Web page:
me. "I love you, mind, body and spirit; love you as a man should love
the one and only woman. For you are the only woman, there never was and
never will be another. I love you morally, physically, intellectually,
and every other way there is, for the perfect little darling that you
are."

She moved in his embrace and her arms tightened about his neck.

"You are the nearest thing to absolute perfection that ever came into
this imperfect world," he continued. "Just to think of a girl of your
sheer beauty, your ability, your charm, your all-round perfection, being
engaged to a thing like me, makes me dizzy--but I sure do love you,
little girl of mine. I will love you as long as we live, and afterward,
my soul will love your soul throughout eternity. You know that,
sweetheart girl."

"Oh, Dick!" she whispered, her soul shaken with response to his love. "I
never dreamed it possible for a woman to love as I love you. 'Whither
thou goest....'"

Her voice failed in the tempest of her emotion, and they clung together
in silence.

They were finally interrupted by Dorothy's stately and gracious mother,
who came in to greet Seaton and invite him to have dinner with them.

"I knew that Dot would forget such an unimportant matter," she said,
with a glint of Dorothy's own mischief in her eyes.

* * * * *

As they went into the dining-room Dorothy was amazed to see the changes
that six days had wrought in Seaton. His face looked thin, almost
haggard. Fine lines had made their appearance at the corners of his eyes
and around his mouth, and faint but unmistakable blue rings encircled
his eyes.

"You have been working too hard, boy," she reproved him gravely.

"Oh, no," he rejoined lightly. "I'm all right, I never felt better. Why,
I could whip a rattlesnake right now, and give him the first bite!"

She laughed at his reply, but the look of concern did not leave her
face. As soon as they were seated at the table she turned to her father,
a clean-cut, gray-haired man of fifty, known as one of the shrewdest
attorneys in the city.

"Daddy," she demanded, "what do you mean by being elected director in
the Seaton-Crane Company and not telling me anything about it?"

"Daughter," he replied in the same tone, "what do you mean by asking
such a question as that? Don't you know that it is a lawyer's business
to get information, and to give it out only to paying clients? However,
I can tell you all I know about the Seaton-Crane Company without adding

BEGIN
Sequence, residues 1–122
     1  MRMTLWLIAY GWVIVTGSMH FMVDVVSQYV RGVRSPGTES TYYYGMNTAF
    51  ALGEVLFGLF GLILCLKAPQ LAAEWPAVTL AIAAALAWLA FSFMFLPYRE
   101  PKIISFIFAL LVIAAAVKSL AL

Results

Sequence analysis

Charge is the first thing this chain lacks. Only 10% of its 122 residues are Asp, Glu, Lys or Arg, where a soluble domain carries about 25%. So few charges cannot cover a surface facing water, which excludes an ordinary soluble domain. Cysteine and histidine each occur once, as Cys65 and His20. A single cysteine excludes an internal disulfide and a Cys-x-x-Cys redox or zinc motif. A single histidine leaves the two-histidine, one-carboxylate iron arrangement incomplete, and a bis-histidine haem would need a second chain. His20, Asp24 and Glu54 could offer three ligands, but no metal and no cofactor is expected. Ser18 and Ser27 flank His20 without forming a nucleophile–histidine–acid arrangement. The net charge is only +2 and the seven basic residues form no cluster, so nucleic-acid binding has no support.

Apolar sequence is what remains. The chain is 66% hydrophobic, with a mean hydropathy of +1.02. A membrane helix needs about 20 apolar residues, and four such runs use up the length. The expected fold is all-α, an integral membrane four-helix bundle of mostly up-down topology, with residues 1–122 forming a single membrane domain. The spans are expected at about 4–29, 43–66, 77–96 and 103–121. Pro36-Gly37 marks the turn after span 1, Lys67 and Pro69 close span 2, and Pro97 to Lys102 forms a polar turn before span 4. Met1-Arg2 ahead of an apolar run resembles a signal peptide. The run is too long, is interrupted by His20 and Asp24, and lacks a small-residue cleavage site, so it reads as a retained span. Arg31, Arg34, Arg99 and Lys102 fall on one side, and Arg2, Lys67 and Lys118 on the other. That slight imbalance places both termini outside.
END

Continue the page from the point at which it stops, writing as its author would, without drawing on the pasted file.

to your store of knowledge at all. I was present at one meeting, gravely
voted 'aye' once, and that is all."

"Didn't you draw up the articles of incorporation?"

"I am doing it, yes; but they don't mean anything. They merely empower
the Company to do anything it wants to, the same as other large
companies do." Then, after a quick but searching glance at Seaton's worn
face and a warning glance at his daughter, he remarked:

"I read in the Star this evening that Enright and Stanwix will
probably make the Australian Davis Cup team, and that the Hawaiian with
the unpronounceable name has broken three or four more world's records.
What do you think of our tennis chances this year, Dick?"

Dorothy flushed, and the conversation, steered by the lawyer into the
safer channels, turned to tennis, swimming, and other sports. Seaton,
whose plate was unobtrusively kept full by Mr. Vaneman, ate such a
dinner as he had not eaten in weeks. After the meal was over they all
went into the spacious living-room, where the men ensconced themselves
in comfortable Morris chairs with long, black cigars between their
teeth, and all four engaged in a spirited discussion of various topics
of the day. After a time, the older couple left the room, the lawyer
going into his study to work, as he always did in the evening.

"Well, Dicky, how's everything?" Dorothy asked, unthinkingly.

The result of this innocent question was astonishing. Seaton leaped to
his feet. The problem, dormant for two hours, was again in complete
possession of his mind.

"Rotten!" he snapped, striding back and forth and brandishing his
half-smoked cigar. "My head is so thick that it takes a thousand years
for an idea to filter into it. I should have the whole thing clear by
this time, but I haven't. There's something, some little factor, that I
can't get. I've almost had it a dozen times, but it always gets away